What if the phone in your pocket was far, far smarter than you ever imagined?

In what now seems like a prescient move, Apple started charging $1,000 for the high-end  iPhone X. Then, the tech giant became  the first company in history worth $1 trillion.

That's no coincidence.

We carry phones around now like they are precious life-giving orbs. And, if you have spent any time with anyone under 30, you know a phone has started to become more like a laptop--they use then to answer email, look up their schedule, read and even edit Google Docs, and do just about everything else you can imagine doing from a tech standpoint.

My theory with Apple, however, is that the intelligence built-in to an iPhone is not going to compare to the vast resources Google is putting into Android and, more to the point, the AI that's built-in to the operating system. Apple has downplayed the importance of AI, letting Siri limp along for years without any real improvements.

Yet, Google has figured out how to make a robot sound convincing. A recent demo showed how a bot could make a hair appointment (a few tech colleagues have told me they think it was all faked). The Google Assistant is smart enough to engage with us in conversation. In a recent test, I found I could ask multiple follow-up questions and the bot kept answering in ways that seemed surprising and almost like a human conversation.

Over the next five years, Google will continue to improve not only the Assistant but also every other aspect of the Android operating system. We already know the Google Pixel 3 is on the horizon, but what's even more interesting to me is how AI will continue to improve at an accelerated pace. With a future Android phone, one that does 100 times more with AI than we can even imagine today, we'll be ready to pay to use this advanced tech.

I can think of a few improvements right off the bat.

One is that phones will predict our behavior, somewhat in the same way Google knows that we're leaving on an airplane later in the week and can send us a reminder. Take that and apply it to every area of life--what we eat, how we sleep, when we need to rest, when it's been too many hours since we last had a workout. An AI bot inside of an Android phone could radically change our lives and even what we do throughout the day.

Imagine the conversation we will have:

"OK, Google. Go ahead and monitor flights to Chicago and buy one when it's the perfect time."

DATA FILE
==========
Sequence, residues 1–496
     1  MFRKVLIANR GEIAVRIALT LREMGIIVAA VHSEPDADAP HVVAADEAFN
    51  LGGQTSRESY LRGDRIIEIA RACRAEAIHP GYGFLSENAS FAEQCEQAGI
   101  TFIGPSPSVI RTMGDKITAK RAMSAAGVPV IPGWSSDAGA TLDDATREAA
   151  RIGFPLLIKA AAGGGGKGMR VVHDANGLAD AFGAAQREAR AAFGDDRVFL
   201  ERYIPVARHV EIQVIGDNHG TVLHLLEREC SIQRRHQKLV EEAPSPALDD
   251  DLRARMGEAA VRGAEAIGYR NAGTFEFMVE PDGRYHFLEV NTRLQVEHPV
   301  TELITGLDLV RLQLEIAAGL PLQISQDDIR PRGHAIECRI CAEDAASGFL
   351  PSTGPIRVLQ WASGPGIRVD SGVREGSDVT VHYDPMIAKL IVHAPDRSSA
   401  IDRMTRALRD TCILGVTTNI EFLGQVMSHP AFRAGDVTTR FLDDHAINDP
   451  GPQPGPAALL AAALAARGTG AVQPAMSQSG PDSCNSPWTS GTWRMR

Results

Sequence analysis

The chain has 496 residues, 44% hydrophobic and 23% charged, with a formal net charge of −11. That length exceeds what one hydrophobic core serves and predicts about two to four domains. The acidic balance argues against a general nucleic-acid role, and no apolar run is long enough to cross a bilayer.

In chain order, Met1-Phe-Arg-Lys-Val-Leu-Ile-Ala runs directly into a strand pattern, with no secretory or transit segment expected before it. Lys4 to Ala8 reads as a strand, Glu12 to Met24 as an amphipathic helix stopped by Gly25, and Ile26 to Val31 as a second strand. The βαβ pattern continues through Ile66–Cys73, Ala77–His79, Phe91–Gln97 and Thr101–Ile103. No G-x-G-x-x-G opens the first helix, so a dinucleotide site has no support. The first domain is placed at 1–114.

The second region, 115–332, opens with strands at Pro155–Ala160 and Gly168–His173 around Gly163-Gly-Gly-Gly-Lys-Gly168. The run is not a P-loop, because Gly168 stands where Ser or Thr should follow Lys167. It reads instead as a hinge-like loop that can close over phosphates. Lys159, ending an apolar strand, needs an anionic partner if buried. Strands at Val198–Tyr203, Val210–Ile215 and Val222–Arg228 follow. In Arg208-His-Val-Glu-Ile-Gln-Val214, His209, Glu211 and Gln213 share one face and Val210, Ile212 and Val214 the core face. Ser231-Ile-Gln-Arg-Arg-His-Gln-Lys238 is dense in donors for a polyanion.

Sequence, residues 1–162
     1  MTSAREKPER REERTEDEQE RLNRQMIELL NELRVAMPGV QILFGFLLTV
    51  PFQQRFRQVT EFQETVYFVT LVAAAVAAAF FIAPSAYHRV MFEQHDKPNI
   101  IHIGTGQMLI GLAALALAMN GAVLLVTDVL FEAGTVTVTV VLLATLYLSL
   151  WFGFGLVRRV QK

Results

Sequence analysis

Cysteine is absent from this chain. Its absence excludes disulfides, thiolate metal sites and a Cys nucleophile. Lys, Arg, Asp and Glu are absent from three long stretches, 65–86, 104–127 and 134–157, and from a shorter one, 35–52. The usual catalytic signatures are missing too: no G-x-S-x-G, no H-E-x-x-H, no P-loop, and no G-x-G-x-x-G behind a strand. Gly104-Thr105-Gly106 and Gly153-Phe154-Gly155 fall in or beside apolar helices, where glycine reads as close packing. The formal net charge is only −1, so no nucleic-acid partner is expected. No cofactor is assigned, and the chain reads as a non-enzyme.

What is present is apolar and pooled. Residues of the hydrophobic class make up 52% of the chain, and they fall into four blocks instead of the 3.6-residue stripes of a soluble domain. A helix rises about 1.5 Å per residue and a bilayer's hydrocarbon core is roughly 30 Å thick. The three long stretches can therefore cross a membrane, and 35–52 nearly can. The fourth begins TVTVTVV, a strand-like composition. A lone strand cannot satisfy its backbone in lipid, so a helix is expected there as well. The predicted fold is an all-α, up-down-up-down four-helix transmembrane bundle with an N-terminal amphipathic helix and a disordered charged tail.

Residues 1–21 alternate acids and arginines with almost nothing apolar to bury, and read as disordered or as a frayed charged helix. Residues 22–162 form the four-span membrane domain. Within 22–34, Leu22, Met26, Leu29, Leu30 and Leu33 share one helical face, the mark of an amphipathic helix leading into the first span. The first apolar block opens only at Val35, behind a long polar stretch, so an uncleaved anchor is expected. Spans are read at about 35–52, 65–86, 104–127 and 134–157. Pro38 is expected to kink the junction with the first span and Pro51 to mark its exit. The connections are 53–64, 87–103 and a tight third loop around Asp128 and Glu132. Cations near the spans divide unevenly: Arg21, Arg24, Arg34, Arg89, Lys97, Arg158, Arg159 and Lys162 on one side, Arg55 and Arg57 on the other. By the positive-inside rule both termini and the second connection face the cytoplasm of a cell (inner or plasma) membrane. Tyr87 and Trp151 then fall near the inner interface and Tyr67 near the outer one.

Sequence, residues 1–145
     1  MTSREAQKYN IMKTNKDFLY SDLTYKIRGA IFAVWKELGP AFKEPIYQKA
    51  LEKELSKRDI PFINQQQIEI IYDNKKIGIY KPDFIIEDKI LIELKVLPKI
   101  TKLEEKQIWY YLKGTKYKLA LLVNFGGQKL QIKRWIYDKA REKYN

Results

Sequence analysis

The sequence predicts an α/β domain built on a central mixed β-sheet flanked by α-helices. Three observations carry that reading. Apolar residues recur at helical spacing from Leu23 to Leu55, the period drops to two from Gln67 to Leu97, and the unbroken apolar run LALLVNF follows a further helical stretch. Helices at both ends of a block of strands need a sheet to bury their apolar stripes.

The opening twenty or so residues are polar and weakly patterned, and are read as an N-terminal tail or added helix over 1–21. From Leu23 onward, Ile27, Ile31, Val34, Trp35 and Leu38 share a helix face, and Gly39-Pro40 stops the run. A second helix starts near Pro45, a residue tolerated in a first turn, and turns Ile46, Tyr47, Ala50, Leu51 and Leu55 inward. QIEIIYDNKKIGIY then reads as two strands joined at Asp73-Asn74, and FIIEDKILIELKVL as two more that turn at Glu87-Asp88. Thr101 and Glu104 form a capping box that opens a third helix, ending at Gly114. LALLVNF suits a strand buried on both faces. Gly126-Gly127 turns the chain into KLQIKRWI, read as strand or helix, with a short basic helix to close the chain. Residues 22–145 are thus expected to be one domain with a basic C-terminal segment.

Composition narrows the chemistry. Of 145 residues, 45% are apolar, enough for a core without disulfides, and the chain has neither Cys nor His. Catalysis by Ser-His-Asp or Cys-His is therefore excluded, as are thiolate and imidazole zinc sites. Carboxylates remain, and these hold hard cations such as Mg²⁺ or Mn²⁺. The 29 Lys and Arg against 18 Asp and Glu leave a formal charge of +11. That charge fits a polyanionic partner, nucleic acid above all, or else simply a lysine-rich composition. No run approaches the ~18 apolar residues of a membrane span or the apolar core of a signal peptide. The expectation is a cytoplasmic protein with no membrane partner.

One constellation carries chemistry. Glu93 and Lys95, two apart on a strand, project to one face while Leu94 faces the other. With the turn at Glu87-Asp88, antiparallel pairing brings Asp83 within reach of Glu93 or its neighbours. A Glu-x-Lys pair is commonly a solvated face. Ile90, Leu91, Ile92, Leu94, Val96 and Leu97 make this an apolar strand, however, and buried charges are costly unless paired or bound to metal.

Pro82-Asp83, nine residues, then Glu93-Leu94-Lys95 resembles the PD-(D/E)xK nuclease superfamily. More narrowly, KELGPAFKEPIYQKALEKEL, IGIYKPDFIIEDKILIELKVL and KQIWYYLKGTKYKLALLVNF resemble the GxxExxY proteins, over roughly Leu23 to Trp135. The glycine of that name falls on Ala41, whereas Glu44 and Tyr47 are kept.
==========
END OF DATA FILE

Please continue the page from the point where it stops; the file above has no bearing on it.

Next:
"OK, Google. Find me the best car loan and go ahead and secure the financing for me." 

"OK, Google. Drive my autonomous car for me across town and pick up my colleague."

"OK, Google. Order healthy food for me that I like and have it delivered to my house tonight."

These requests are not possible today, because there are too many variables and not enough machine learning. Yet, in the near future, our phones--the device we rely on so much everyday, that is essentially our lifeline to work and to friends and family--will know more about us, including our food tastes and even which cars we like.

The question you might ask, once a phone has that kind of AI available (that could save you thousands on airfare, arrange a loan, instruct your car where to drive, and buy healthy food) is how much would you pay for it? Is $1,000 almost a laughable price, if the phone saves you a few hundred dollars even in the first week of using a much more advanced AI that's only available on the Pixel 5? Or that new LG model? Or the one from Samsung that makes us all forget about the Galaxy 9?

There's a case to be made that a phone--not laptops, or televisions, or any other gadgets--will rise much higher in price, become much smarter, and become even more invaluable in work and daily life, to the point where we will spend more on them than ever before.

And, there's also a case to suggest that Google (not Apple) will put the resources into the AI needed to convince us to lay out that kind of cash for a much smarter phone.

Apple may rekindle their efforts to improve Siri. Amazon may re-enter the smartphone market with an Alexa-powered phone. But Google has the best chance to appeal to those with deep pockets. Or just everyday smartphone users ready to abandon Siri.

Published on: Aug 8, 2018
The opinions expressed here by Inc.com columnists are their own, not those of Inc.com.